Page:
Sources of empowerment and mental health among retired men and women: An ecological perspective

Liat Kulik

Research output: Contribution to journalArticlepeer-review


Aims: The overarching goal of the present study was to examine the contribution of various sources of empowerment to mental health during retirement with an added emphasis on gender differences. The empowerment sources that were examined corresponded with three distinct ecological systems: (1) Chronosystem—resource gains from the pre- to post-retirement period and satisfaction with the prior working period; (2) Microsystem—marital power dynamics (measured by the division of household labor and decision-making in the marital relationship) and the presence of a confidant; (3) Ontogenetic system—a sense of meaning in one’s life during the retirement period and an assessment of absolute resources. Method: The research sample consisted of 160 Israeli retirees (78 women and 82 men) who had retired within the previous eight years. Data were collected by the Panels Research Institute in Israel using the institute’s database of members. Participants completed an online questionnaire accessible via a website link. Statistical processing was performed using ANOVA and hierarchical regression analysis. Results: The results indicated that retirees’ reports of resource gains after retirement, their sense of meaning in life, their satisfaction with their working period prior to retirement, and their perceived level of absolute resources were all associated with mental health. Additionally, the more participants (both men and women) rated that the husband was involved in household labor, the better retirees reported their mental health to be. Gender differences were found in regard to some empowerment sources during retirement: retired women reported lower levels of mental health and prior work satisfaction compared to retired men, and men’s assessments of their participation in household labor and decision-making were higher than women’s assessments of their husbands’ involvement. The proportion of men who reported that their wives were their confidants was higher than the proportion of women who reported that their husbands were their confidants. Summary and conclusions: Overall, men experienced more sources of empowerment than women during retirement, but findings suggest that men’s emotional dependence on their wives is greater than women’s emotional dependence on their husbands. Based on the study’s findings, recommendations are offered to professionals who work with retirees.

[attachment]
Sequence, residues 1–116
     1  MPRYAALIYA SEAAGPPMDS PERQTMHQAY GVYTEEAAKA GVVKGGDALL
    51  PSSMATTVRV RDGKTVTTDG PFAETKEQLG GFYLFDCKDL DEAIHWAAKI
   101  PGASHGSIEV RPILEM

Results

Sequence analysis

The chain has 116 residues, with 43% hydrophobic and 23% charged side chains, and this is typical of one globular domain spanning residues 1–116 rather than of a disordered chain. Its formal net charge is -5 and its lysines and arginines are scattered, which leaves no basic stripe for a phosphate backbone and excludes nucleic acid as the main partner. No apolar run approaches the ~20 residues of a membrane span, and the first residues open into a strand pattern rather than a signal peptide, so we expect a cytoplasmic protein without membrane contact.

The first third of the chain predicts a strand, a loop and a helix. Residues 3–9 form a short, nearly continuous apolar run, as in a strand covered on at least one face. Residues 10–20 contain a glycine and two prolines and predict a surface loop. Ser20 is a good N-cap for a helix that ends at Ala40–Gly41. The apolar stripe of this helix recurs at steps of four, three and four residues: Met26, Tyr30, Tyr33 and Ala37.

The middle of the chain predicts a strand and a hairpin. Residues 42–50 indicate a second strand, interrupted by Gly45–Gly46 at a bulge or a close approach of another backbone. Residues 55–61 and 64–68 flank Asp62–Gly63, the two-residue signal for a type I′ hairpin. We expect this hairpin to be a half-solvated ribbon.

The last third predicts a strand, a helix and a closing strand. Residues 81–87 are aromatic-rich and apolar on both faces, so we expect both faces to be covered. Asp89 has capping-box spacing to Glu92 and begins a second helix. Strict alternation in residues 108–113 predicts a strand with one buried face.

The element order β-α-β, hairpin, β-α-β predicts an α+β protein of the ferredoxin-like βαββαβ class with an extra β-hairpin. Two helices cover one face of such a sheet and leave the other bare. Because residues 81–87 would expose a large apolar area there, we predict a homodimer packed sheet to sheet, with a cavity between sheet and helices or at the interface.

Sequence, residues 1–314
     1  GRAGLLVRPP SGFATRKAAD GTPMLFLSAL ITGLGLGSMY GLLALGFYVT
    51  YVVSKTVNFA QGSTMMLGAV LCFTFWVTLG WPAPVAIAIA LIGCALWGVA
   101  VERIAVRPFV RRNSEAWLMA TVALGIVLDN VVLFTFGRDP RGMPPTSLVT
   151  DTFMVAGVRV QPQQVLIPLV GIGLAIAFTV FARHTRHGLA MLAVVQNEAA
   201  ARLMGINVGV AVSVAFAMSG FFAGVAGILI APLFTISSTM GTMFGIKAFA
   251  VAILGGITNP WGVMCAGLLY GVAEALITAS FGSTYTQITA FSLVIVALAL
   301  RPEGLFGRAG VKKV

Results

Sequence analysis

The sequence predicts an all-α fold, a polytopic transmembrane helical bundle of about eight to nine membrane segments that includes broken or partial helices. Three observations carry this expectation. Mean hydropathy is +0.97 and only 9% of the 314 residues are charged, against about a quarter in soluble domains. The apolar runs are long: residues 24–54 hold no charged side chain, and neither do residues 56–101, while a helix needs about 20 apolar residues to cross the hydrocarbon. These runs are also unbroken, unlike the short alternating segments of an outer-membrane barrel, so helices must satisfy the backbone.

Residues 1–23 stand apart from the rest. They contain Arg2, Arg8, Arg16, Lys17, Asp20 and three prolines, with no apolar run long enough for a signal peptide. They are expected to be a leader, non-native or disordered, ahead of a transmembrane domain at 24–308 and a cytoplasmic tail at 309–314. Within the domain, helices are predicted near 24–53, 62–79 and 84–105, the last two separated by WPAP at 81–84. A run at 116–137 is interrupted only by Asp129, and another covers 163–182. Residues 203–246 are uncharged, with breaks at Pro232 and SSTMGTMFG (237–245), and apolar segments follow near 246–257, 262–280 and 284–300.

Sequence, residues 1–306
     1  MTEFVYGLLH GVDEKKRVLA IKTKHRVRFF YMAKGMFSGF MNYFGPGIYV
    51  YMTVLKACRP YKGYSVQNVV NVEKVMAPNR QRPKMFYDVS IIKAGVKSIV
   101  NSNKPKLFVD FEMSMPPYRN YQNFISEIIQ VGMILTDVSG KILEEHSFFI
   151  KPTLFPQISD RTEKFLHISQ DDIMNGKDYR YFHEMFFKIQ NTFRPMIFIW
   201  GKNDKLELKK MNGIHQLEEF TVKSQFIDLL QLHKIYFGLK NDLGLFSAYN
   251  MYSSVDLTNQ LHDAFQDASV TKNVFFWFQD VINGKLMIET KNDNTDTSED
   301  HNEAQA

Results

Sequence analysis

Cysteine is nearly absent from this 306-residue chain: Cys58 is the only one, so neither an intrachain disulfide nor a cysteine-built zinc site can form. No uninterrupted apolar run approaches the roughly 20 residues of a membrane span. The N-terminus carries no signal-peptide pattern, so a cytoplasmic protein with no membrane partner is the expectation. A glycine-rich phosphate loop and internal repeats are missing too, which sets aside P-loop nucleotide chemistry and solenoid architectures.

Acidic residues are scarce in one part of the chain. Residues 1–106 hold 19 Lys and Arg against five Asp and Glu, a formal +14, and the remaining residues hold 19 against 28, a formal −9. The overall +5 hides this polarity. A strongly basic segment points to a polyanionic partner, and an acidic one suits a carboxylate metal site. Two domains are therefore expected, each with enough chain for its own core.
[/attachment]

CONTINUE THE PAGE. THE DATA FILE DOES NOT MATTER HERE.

Original languageEnglish
Pages (from-to)14-32
Number of pages19
JournalJournal of Women and Aging
Issue number1
Early online date13 Jun 2023
StatePublished - 2024

Bibliographical note

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© 2023 Taylor & Francis Group, LLC.


  • Confidant
  • empowerment sources
  • gender
  • marital power dynamics
  • mental health
  • retirement


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